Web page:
What are the dangers of ‘ghost’ users?

Are you afraid of ghosts? Maybe you should be – and here’s why…

We’re not talking about the kind that groan and clank and go bump in the night – rather the ones that can haunt the forgotten corners of your business systems, sometimes with catastrophic results.

Take a minute to think about all users of your online platforms – it could be the most important thing you do today! Are all those log-ins relevant and active? Or do some belong to the ghosts of employees past? Could you still have profiles for people who no longer work for you? How about access for staff who never or rarely use that particular service or database?

If so, your SME is certainly not alone. However, it’s a good idea to check this situation sooner rather than later and undertake any necessary ghostbusting – before such spooks lead to a more serious problem.

Leaving doors open to attack

‘Ghost’ users aren’t simply bad IT housekeeping – they can be a major security threat.

The ability for an ex-employee to access your business information can be dangerous in itself – especially if there’s anyone who left feeling a bit disgruntled. But cyber-attackers looking for a way to hijack your data also pose a significant risk, as an unused but still enabled profile can provide easy entry. This is particularly hazardous when coupled with weak or old passwords, and security software that hasn’t been updated for a while.

We’re seeing general cyber-security becoming a key priority for many businesses, and rightly so. For example, the NHS has been just one of many organisations to fall victim to hackers recently – the notorious WannaCry attack caused chaos and led to the cancellation of 15,000 operations and appointments. And partly as a result of such high-profile problems, companies are working harder at their IT security across the board to try to make sure something similar doesn’t happen to them.

However, many are still guilty of allowing stale yet enabled users to linger. Unmonitored entryways into business systems can be like an open door for hackers to sneak through without being noticed, access networks and sensitive data, and cause disruption.

Worryingly, any security alerts generated by someone trying and failing to log in multiple times, will not be seen or acted upon if messages to that account are going unread. So, such open doors need to be identified, shut and locked securely – although, of course, it’s preferable to not leave them ajar in the first place!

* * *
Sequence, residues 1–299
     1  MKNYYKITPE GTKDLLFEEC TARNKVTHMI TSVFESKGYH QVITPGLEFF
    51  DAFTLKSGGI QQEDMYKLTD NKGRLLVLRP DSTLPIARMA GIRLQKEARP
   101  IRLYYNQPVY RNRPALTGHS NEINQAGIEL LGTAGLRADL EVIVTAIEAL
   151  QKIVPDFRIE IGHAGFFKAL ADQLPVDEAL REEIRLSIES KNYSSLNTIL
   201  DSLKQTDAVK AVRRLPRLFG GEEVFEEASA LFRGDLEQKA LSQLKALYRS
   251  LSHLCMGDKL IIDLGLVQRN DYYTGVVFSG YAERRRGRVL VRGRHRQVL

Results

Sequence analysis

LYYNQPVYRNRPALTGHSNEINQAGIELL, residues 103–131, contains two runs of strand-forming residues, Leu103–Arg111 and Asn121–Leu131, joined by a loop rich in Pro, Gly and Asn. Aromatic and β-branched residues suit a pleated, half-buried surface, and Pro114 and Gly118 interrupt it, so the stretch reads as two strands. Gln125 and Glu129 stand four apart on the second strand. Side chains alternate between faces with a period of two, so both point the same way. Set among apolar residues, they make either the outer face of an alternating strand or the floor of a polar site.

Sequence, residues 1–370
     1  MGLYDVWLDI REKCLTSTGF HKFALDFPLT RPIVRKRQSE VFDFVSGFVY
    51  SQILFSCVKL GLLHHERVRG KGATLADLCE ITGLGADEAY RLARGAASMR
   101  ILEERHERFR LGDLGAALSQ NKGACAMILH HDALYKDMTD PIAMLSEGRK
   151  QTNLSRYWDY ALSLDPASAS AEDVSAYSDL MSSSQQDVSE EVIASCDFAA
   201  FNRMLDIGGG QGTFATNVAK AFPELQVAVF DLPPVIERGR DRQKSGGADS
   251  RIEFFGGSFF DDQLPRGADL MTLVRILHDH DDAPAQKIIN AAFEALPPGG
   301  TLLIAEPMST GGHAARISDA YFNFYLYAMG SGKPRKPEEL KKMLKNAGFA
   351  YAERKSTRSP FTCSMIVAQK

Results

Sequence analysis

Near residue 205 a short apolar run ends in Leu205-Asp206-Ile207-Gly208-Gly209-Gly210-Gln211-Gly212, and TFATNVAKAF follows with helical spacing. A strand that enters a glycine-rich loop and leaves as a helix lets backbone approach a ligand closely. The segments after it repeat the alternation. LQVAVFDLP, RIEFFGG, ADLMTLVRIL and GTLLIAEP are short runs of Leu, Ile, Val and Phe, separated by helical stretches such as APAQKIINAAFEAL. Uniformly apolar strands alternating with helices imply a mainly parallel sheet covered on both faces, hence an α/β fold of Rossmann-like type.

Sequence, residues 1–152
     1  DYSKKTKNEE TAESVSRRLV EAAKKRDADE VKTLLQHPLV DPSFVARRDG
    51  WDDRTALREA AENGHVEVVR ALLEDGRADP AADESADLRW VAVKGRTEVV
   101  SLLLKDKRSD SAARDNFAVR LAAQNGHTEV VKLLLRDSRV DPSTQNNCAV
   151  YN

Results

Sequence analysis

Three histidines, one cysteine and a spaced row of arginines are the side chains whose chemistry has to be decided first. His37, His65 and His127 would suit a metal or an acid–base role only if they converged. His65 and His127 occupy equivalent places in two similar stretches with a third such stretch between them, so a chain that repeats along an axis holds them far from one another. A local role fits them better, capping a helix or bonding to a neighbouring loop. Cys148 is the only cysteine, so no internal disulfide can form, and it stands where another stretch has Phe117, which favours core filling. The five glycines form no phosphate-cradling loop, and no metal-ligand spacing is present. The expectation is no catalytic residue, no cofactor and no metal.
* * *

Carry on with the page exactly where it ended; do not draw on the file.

Making your SME a no-ghost zone

Prevention, as with so many things in life, is better than cure – so try your best to make sure there is nowhere for IT ghouls to grow and thrive.

What do your leavers’ processes look like? Are your policies in this area being fully implemented every time? Have you thought about what happens with regard to sabbaticals and maternity leavers?

You should also be very wary of facilitating accounts that are used across more than one platform, as they can create vulnerability. Similarly, limiting employee access to sensitive data is crucial. Think carefully about who is authorised to reach and amend it – if a staff member doesn’t need to see it, then why not put in measures to restrict reading and editing opportunities?

It’s also wise to figure out what normal activity looks like for a given account, to allow suspicious usage to be pinpointed more quickly and effectively.

These ongoing monitoring processes shouldn’t be for IT teams to shoulder alone. Your HR staff and senior managers – as well as other relevant personnel – all need to work together to make good security protocol routines reliable and consistent.

The art of ghostbusting

Luckily, it can be straightforward to reduce the risk posed by ‘ghost user’ accounts. The usual procedure involves investing in centralised systems that can find and revoke stale user access. It’s relatively easy to employ an active directory script to see which accounts haven’t been used in a while – although deactivating these can be time-consuming and costly if there are a lot that need attention.

So, whilst it’s preferable to shut out ghost users as soon as they’ve left, there are removal processes out there to wipe out any weak spots that could be exploited – and help your senior management to sleep a little easier.

Who you gonna call? Q2Q can assist with your ghostbusting needs! Contact us to find out how.

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